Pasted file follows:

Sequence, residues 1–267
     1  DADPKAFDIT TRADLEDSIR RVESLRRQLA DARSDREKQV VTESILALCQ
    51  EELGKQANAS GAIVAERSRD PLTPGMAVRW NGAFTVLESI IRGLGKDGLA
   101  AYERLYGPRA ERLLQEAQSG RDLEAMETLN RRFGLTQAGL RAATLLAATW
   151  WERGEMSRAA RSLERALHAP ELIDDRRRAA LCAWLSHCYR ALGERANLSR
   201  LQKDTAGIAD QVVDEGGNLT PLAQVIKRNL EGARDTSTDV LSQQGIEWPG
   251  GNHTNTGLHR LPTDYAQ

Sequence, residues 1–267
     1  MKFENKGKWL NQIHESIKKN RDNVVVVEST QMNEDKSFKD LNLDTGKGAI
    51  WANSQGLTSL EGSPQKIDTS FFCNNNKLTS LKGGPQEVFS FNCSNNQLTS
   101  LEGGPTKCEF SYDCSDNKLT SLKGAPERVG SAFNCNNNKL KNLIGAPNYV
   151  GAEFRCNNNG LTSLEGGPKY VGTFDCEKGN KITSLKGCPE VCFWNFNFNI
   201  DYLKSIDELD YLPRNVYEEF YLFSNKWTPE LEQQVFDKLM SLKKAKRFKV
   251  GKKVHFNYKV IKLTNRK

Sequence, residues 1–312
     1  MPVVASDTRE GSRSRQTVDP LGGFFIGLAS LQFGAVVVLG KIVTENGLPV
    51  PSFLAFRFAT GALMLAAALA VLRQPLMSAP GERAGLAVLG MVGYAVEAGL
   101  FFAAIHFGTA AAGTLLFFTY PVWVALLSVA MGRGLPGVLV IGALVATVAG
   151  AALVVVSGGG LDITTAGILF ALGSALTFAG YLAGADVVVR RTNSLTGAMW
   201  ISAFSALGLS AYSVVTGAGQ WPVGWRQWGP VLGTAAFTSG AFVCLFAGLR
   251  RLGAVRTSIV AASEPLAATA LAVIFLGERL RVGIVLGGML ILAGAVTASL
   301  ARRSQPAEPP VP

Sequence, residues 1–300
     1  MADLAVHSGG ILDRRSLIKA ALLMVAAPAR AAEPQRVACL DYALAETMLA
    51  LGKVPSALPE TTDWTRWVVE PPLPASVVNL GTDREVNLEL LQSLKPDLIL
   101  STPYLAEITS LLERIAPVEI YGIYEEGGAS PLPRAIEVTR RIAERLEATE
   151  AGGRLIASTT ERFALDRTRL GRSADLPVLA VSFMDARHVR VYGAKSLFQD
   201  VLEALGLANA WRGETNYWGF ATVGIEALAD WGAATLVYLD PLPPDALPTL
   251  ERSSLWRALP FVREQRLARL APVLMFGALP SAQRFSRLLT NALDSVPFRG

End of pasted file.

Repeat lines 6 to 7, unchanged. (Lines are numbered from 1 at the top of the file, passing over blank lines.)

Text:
   201  LQKDTAGIAD QVVDEGGNLT PLAQVIKRNL EGARDTSTDV LSQQGIEWPG
   251  GNHTNTGLHR LPTDYAQ